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Reprogramming Stem Cells to Treat, Study Disease
First produced in the past decade, induced pluripotent stem cells — which are derived from adult cells — are capable of developing into many cell types. In two new studies, investigators from The Children’s Hospital of Philadelphia reprogrammed skin cells from patients with rare disorders into induced pluripotent stem cells (iPSCs), highlighting the great promise these cells hold.
“The technology for generating these cells has been moving very quickly,” said the studies’ leader, Mitchell J. Weiss, MD, PhD. “These investigations can allow us to better understand at a molecular level how blood cells go wrong in individual patients — and to test and generate innovative treatments for the patients’ diseases.”
Dr. Weiss, a hematologist and stem cell researcher, led a study of induced pluripotent stem cells in Diamond Blackfan anemia — a rare congenital blood disorder — published in June in Blood. Another study published by Dr. Weiss and his team in the same journal on April 25 focused on iPSCs in the childhood cancer juvenile myelomonocytic leukemia.
In Diamond Blackfan anemia (DBA), a mutation prevents a patient’s bone marrow from producing normal quantities of red blood cells, resulting in severe, sometimes life-threatening anemia, which can make it difficult for researchers to discern the underlying mechanism of the disease. According to the Diamond Blackfan Anemia Foundation, there are 25 to 35 new cases of the disease a year in the U.S., with more than 90 percent of patients showing symptoms in the first year of life.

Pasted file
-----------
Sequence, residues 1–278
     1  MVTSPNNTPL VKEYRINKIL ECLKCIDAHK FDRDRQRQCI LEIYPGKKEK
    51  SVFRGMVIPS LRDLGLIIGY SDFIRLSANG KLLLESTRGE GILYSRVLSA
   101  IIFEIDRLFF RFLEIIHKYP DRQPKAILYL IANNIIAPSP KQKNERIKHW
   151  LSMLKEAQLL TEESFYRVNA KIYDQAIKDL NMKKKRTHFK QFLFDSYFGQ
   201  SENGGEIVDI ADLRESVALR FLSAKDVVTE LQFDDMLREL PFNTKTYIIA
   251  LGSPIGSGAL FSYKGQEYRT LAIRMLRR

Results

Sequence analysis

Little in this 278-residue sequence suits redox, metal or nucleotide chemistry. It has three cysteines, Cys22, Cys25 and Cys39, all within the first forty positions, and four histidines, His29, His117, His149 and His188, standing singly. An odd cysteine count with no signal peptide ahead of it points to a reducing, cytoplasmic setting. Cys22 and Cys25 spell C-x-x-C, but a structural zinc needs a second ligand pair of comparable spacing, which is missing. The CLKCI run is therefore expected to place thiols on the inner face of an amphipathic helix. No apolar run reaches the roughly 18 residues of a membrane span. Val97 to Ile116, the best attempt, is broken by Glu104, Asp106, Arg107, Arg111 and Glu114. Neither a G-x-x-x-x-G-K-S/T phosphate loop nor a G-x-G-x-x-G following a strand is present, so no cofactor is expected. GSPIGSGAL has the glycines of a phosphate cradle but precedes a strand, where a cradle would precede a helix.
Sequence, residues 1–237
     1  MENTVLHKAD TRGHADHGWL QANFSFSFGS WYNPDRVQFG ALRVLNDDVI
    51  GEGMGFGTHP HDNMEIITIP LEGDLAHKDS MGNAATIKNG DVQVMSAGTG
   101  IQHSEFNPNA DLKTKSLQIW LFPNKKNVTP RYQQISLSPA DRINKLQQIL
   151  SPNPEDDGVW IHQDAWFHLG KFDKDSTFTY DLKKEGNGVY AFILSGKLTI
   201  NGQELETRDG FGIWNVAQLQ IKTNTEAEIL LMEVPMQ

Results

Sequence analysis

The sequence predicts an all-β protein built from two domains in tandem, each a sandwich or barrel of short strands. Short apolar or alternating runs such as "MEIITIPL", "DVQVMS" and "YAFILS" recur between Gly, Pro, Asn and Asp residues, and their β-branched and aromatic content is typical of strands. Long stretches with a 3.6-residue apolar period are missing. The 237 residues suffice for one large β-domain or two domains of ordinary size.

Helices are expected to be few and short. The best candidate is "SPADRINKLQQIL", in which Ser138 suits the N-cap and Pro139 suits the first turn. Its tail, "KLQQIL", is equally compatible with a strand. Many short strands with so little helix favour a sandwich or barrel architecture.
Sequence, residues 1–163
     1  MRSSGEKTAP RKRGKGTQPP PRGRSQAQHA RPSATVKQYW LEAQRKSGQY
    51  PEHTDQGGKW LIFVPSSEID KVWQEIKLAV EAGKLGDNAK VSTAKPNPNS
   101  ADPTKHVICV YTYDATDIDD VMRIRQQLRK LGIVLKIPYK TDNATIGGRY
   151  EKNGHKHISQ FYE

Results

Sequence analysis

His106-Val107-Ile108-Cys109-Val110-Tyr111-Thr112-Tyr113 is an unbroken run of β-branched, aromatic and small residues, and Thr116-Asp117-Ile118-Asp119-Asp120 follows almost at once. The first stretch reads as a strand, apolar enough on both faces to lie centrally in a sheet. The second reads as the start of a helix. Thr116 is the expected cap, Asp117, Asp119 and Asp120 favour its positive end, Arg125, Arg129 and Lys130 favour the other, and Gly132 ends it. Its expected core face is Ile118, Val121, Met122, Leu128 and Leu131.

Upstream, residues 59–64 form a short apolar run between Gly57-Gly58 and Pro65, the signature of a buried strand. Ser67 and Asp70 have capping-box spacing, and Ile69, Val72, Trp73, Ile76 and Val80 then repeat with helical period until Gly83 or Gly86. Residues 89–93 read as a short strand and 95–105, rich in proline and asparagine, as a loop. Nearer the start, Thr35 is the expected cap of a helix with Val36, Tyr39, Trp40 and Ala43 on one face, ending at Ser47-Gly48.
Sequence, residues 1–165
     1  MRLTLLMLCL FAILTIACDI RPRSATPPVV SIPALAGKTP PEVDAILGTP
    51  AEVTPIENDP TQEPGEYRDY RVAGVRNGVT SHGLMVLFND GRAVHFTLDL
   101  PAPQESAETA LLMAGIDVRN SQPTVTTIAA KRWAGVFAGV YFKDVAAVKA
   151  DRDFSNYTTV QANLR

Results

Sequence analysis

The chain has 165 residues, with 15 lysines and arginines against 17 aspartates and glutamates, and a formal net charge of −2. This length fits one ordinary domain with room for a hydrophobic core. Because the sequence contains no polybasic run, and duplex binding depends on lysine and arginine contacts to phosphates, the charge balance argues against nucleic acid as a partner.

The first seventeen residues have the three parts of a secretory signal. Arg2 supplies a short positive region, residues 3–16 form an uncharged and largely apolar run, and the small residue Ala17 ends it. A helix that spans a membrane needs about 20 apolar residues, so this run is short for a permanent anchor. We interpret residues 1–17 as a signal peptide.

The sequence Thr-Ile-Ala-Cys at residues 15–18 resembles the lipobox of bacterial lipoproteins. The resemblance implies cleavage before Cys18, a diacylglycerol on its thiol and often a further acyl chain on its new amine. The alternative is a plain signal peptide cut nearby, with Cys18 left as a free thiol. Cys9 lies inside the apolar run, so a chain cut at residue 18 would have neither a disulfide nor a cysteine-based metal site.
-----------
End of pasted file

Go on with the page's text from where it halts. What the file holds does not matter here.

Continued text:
In the June study, the researchers removed skin cells from Diamond Blackfan Anemia patients and reprogrammed the cells into induced pluripotent stem cells. When those iPSCs were stimulated to form blood tissues, like the patient’s original mutated cells they produced a deficient amount of red blood cells. But when the researchers corrected the genetic defect that causes DBA, the iPSCs developed into red blood cells in normal quantities.
“This showed that in principle, it’s possible to repair a patient’s defective cells,” said Dr. Weiss, who cautioned that this finding is an early step, with further studies needed. Nonetheless, the patient-derived iPSCs are highly useful as a model for investigating blood disorders, Dr. Weiss noted.
Meanwhile, the study of juvenile myelomonocytic leukemia (JMML) published in April provides a concrete example of using iPSCs for drug testing, specifically for the rare and often-aggressive childhood leukemia JMML. The study team generated iPSCs from two children with JMML, and then manipulated the iPSCs in cell cultures to produce cells that multiplied uncontrollably, much as the original JMML cells do.
They then tested the cells with two drugs, one of which reduced the proliferation of cancerous cells in culture. “This provides a rationale for a potential targeted therapy for this specific subtype of JMML,” said Dr. Weiss.
For more details about both studies, see the full press release.